‘Blindsided’: GOP elections board members resign over absentee ballot settlement

RALEIGH — The two Republican members of North Carolina’s state elections board have resigned after signing off on a settlement to help voters fix absentee ballot problems that has been criticized by state GOP leaders, officials said Wednesday.

The State Board of Elections is having a meeting two days after the announcement.

Ken Raymond and David Black announced their resignations late Wednesday from the North Carolina State Board of Elections over the tentative agreement to let voters correct problems with witness information on their absentee ballots without filling out an entirely new ballot. The agreement would let voters fix certain witness information problems by filling out an affidavit instead of starting a new ballot from scratch. Raymond and Black had joined the three Democratic state board members in unanimously approving the settlement, which was announced Tuesday and is subject to a judge’s approval.

“It’s just kind of a disappointing way for things to go out,” Black said.

In a letter announcing his resignation, Raymond argued that lawyers with the state attorney general’s office didn’t explain all the implications of the settlement before he signed off. Black also said in a separate letter that he didn’t have a full understanding of how the ballot fixes outlined in the settlement would work before he approved it.

Resignation Letters:

Black told Channel 9 it was a move made in protest of changes to absentee ballots. Black said he and Raymond voted for the changes the day before the announcement.

“The procedure they’re using now is not how I envisioned it,” Black said.

A statement issued by state elections board spokesman Pat Gannon thanked the two for their service and said that the agency’s legal staff had explained the settlement to board members before they unanimously agreed to it.

“We appreciate their service to the State Board, particularly the knowledge and perspective they provided from their years of service as members of county boards of elections,” The North Carolina State Board of Elections wrote in a statement.

Republican legislative leaders have sharply criticized the agreement that the board made in response to a lawsuit filed by an advocacy group that argued absentee ballot requirements were too restrictive.

Sources told WTVD, the proposed settlement, if approved, will likely be challenged by President Donald Trump in federal court.

“Attorneys from AG Josh Stein’s office did not advise us of the fact that a lot of the concessions made in the settlement have already been denied in a prior case by a federal judge and another case by a state court three-judge panel,” Black wrote in part.

The sudden resignation of the two members, effectively, reduces the NC State Board of Elections to three.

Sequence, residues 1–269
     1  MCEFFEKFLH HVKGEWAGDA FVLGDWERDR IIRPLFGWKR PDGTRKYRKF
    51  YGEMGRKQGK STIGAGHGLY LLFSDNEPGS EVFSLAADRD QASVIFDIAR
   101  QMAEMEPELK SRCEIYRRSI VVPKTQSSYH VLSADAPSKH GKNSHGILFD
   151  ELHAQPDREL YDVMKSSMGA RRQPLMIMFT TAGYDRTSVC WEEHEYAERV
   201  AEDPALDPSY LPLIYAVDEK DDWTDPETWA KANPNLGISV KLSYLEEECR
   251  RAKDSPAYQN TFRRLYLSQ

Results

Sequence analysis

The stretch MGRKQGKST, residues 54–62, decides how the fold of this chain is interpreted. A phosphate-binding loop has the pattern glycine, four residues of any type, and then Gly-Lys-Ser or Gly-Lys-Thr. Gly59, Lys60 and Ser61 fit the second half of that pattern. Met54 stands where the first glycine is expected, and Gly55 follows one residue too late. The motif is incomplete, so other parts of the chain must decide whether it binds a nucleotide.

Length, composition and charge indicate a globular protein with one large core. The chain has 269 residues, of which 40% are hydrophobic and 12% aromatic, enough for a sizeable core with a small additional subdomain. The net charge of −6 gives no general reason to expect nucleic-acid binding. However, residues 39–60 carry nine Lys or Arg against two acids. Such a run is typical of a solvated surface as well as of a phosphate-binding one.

Stein issued the following statement Thursday morning:

“This is political theater at its most destructive. The Republican Party needs to start respecting democracy, instead of undermining it. The proposed consent order is a negotiated compromise response to the greatest public health crisis in 100 years, the USPS slowing of mail delivery, and a federal court order mandating a cure process for mail-in ballot errors. I am committed to ensuring that all eligible voters in North Carolina are confident in the knowledge that they can vote easily and safely by mail or in person -- and that the candidate who wins the most votes will prevail.”

“It is appalling that Roy Cooper and Josh Stein have set up a totally partisan operation at the Board of Elections - which is in the process of completely overhauling North Carolina election rules after voting has already begun. The Board needs to set aside their partisan objectives, comply with their statutory obligations and administer the elections fairly,” said NCGOP Chairman Michael Whatley. “After the Democrats shameful tactics, it is fully appropriate for the Republican members to resign in protest, and we will submit suitable replacements as quickly as possible.”

Whatley is now in charge of finding two nominees to fill the vacant seats and hopes to do that as soon as possible.

“We want to be very careful and make sure we have the right people that are going to defend Republican voters' interest on the board,” Whatley said.

The Board of Elections is vetting a long list of candidates, he said.

The party will send three choices to Gov. Roy Cooper, who will make the final decision.

Political expert Michael Bitzer said the resignations are the last thing voters need 41 days ahead of the General Election when mail-in voting is the highest it’s ever been.

“I think this is a continuing sign of the gridlock and polarization we are all experiencing,” Bitzer told Channel 9.

This comes when voters are already questioning the election’s integrity.

“If the seats are left vacant, and we see other resignations of Republican legislation officials, this will raise a real danger sign in my mind,” Bitzer said.

On Thursday, Lt. Gov. Dan Forest sent a letter to U.S. Attorney General William Barr. In a release, the letter requests that Barr “immediately investigate recent actions by the North Carolina State Board of Elections and Attorney General Josh Stein that will undermine the integrity of our November elections.”

Read the letter here.